Background: Road traffic injuries contribute substantially to the disease burden in India. This paper describes the road safety issues discussed by members of the Indian Parliament, and highlights the gaps that need to be addressed to make road safety visible as a public health problem to policy-makers in India.
Methods: All questions asked to and information provided by the Ministry of Road Transport and Highways, and questions relating to accident asked to the Ministry of Health and Family Welfare of the Government of India were reviewed for the two Houses of the Indian Parliament for the years 2002 to 2004.
Results: Of the 1529 questions asked to the Ministry of Road Transport and Highways, only 140 (9.1%) were related to road safety, whereas 1076 (70.5%), 181 (11.8%), 51 (3.3%) and 81 (5.3%) were related to other aspects of the national highways, state roads, vehicles and other issues, respectively. Data on the magnitude of road crashes dealt only with the number of crashes and fatalities and not with the age, sex and type of road users affected by road traffic injuries. The parliamentarians were informed that human error was the main cause of road crashes in India; however, the robustness of this information is questionable. Strategies to prevent road crashes focused mainly on training of drivers with little attention to other factors that cause road crashes. The discussion on legislations also focused on drivers, ignoring other road users. Ten of the 4741 questions (0.2%) asked to Ministry of Health and Family Welfare were related to accident, the majority of which were about the setting up of trauma care services.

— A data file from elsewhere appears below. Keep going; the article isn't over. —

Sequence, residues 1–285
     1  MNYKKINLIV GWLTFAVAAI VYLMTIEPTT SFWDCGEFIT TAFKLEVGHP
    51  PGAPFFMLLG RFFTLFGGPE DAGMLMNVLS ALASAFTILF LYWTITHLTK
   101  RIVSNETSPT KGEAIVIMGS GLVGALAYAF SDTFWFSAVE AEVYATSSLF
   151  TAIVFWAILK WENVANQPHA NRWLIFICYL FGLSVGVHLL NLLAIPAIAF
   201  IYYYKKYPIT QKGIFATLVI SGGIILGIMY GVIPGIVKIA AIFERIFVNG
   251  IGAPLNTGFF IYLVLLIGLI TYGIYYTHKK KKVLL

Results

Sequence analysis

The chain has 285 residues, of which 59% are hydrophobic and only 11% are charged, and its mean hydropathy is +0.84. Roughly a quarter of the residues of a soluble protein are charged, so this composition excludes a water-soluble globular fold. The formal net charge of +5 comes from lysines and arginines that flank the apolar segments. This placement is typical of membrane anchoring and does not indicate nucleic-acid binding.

Conclusion: An appropriate policy and intervention response by policy-makers is not possible with data that are presented in a manner that do not highlight the true nature of the problem, and are neither comprehensive nor robust. Majority of the proposed road safety interventions by the Ministry of Road Transport and Highways are based on the traditional view of human error as a major cause of road crashes highlighting the lack of a scientific public health approach towards prevention of road crashes. It would be useful to build the technical capacity of the Ministry of Road Transport and Highways in road safety to use the available data more effectively, and to facilitate generation of further relevant data about the magnitude, underlying causes and impact of road traffic injuries, for policy-makers to better understand the critical issues for planning effective road safety policies and interventions to reduce the high burden of mortality and morbidity due to road crashes in India.